The 2022 FIFA World Cup has always been controversial. From the moment Qatar was awarded the 22nd edition of the tournament in 2010, allegations of corruption marred celebrations of the first world cup hosted in the Arab world. Since then, Qatar’s appalling human rights record has sparked calls for a boycott of the world cup. But there haven’t been any collective protests by an entire team or governing body, until now.
The Socceroos miraculous qualification for the 2022 world cup will live on in Australian sporting folklore. Now the team with the longest path to the world cup are sending a fiery message of protest less than a month out from their opening game on November 23. In a video message, 16 Socceroos players have criticised the Qatari regime for its treatment of migrant workers, as well as calling for the nation to decriminalise same-sex relationships.
The video features 16 Australian players and has the backing of the wider playing group. The players in the video include captain Maty Ryan, qualification hero Andrew Redmayne and other stars like Jamie Maclaren, Jackson Irvine and Mathew Leckie.
The Socceroos video calls attention to the oppressive treatment of migrant workers at the hands of the Qatari regime, advocating for suitable resources to protect worker welfare. “Addressing these issues is not easy. And we do not have all the answers,” the players said.
The players set out the measures that must be taken to ensure continued progress, “This must include establishing a migrant resource centre, effective remedy for those who have been denied their rights and the decriminalisation of all same-sex relationships,” the players said. “These are the basic rights that should be afforded to all and will ensure continued progress in Qatar”.
The Socceroos’ protest has been backed by Football Australia, which has released a separate statement. Football Australia’s statement acknowledges the reforms undertaken in Qatar to protect migrant workers, but also shares the sentiment of the Socceroos message. The statement calls for better protection of workers rights and greater inclusivity for the LGBTI+ community at the world cup.
Australia’s statement represents the most significant demonstration of protest by any of the 32 nations that have qualified for the world cup. Other nations such as Denmark, who Australia will play in the group stage, have also protested. Denmark announced last month that they would wear monochromatic protest jerseys in honour of migrant workers who died in preparation for the world cup.
Players from nine nations competing at the world cup have committed to wearing rainbow coloured “One Love” armbands. The armbands are intended as a protest against Qatar’s policy on same-sex relationships. England Captain Harry Kane says he will wear the armband regardless of any fines imposed by FIFA.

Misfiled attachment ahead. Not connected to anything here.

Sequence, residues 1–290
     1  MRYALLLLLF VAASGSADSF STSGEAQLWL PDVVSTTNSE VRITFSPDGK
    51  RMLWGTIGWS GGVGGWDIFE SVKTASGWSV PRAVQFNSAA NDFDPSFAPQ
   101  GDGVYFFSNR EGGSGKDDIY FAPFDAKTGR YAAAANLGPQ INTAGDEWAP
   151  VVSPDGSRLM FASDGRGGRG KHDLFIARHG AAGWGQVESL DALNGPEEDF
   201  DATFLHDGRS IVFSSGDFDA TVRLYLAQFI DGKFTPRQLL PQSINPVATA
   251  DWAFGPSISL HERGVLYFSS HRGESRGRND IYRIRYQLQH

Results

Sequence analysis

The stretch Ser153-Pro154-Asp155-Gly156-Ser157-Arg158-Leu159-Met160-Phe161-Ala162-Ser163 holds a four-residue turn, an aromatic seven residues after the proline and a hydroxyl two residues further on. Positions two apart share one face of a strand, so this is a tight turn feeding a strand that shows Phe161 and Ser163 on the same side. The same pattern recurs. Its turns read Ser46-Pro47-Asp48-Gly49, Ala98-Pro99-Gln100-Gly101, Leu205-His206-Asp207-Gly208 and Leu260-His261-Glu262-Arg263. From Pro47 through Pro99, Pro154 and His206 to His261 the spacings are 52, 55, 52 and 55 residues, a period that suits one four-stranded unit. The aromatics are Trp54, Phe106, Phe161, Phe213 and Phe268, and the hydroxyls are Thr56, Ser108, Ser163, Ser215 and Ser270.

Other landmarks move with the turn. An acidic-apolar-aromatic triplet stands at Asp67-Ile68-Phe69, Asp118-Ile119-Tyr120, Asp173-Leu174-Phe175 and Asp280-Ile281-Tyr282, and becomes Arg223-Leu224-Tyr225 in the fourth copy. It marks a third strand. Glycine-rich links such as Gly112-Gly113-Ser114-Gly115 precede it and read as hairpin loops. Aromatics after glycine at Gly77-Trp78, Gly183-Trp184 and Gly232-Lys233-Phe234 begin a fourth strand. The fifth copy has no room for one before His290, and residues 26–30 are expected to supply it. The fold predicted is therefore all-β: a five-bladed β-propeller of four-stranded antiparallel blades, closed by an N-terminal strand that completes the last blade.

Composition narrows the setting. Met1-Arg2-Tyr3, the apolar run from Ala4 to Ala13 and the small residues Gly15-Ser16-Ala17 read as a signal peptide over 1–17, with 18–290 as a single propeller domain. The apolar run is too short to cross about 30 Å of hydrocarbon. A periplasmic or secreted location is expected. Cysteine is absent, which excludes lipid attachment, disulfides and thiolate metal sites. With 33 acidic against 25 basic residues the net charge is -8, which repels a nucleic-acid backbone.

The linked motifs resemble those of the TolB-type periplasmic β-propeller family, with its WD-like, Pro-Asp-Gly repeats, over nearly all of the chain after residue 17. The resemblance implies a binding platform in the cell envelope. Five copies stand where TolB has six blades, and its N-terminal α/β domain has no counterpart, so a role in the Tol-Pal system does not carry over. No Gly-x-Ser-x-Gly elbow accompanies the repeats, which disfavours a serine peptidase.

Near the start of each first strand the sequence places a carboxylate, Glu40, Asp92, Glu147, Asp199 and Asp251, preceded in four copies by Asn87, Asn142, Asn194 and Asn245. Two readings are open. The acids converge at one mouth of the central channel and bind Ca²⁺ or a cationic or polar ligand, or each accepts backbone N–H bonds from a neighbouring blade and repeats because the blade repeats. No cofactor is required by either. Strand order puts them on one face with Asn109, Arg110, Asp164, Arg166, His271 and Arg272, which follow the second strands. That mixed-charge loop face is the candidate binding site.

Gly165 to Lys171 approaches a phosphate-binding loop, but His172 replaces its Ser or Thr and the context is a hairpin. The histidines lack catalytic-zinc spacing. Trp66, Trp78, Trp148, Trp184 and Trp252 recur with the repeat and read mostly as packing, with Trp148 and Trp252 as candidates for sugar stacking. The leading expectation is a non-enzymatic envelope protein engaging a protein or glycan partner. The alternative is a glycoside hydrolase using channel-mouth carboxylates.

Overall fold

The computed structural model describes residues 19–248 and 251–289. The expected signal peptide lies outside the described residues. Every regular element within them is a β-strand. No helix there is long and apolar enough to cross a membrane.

Football fans have repeatedly criticised the Qatari regime’s oppressive treatment of migrant workers during the construction of stadiums and facilities for the world cup. An investigation by The Guardian revealed that workers had been denied food and water, had their identity papers confiscated and were often not paid for their work, making them in effect, slaves. The Guardian also estimated that up to 6,500 migrant workers, mostly from India, Pakistan and Bangladesh have died in preparation for the tournament since Qatar was awarded the world cup in 2010.
David Beckham has been criticised after he became a culture and tourism ambassador for Qatar in the lead up to the world cup. Beckham’s former teammate Eric Cantona said that Beckham “Didn’t know what was going on there”, in reference to Qatar’s dismal human rights record. Cantona says that he will not watch the 2022 world cup as a protest.
While many players have expressed discontent or committed to individual protests, before Football Australia’s statement, a governing body of a competing nation was yet to officially support the protest of a team.
Australia’s protest comes with some potential future ramifications. The Socceroos play in the Asian Football Confederation (AFC), the same confederation as Qatar. Qatar is hosting the next Asian cup, which the Socceroos will compete in next year. With Australia preparing a bid to host the 2034 FIFA World Cup, the protest could have political consequences. The protest has the potential to upset other nations that are highly influential in the bidding process, especially ones within Australia’s confederation.
Football Australia’s support for the Socceroos is surprising, but the governing body’s statement revealed that they had been engaged in a consultation process with stakeholders for months to gather information on the best way to advance human rights and protect worker welfare in Qatar.
The Socceroos protest has sent shockwaves around the footballing world less than a month out from the most watched tournament in sports. While no country is expected to boycott the tournament entirely, keep an eye out for other nations to follow in Australia’s footsteps with demonstrations of protest ahead of a world cup certain to have its share of controversy.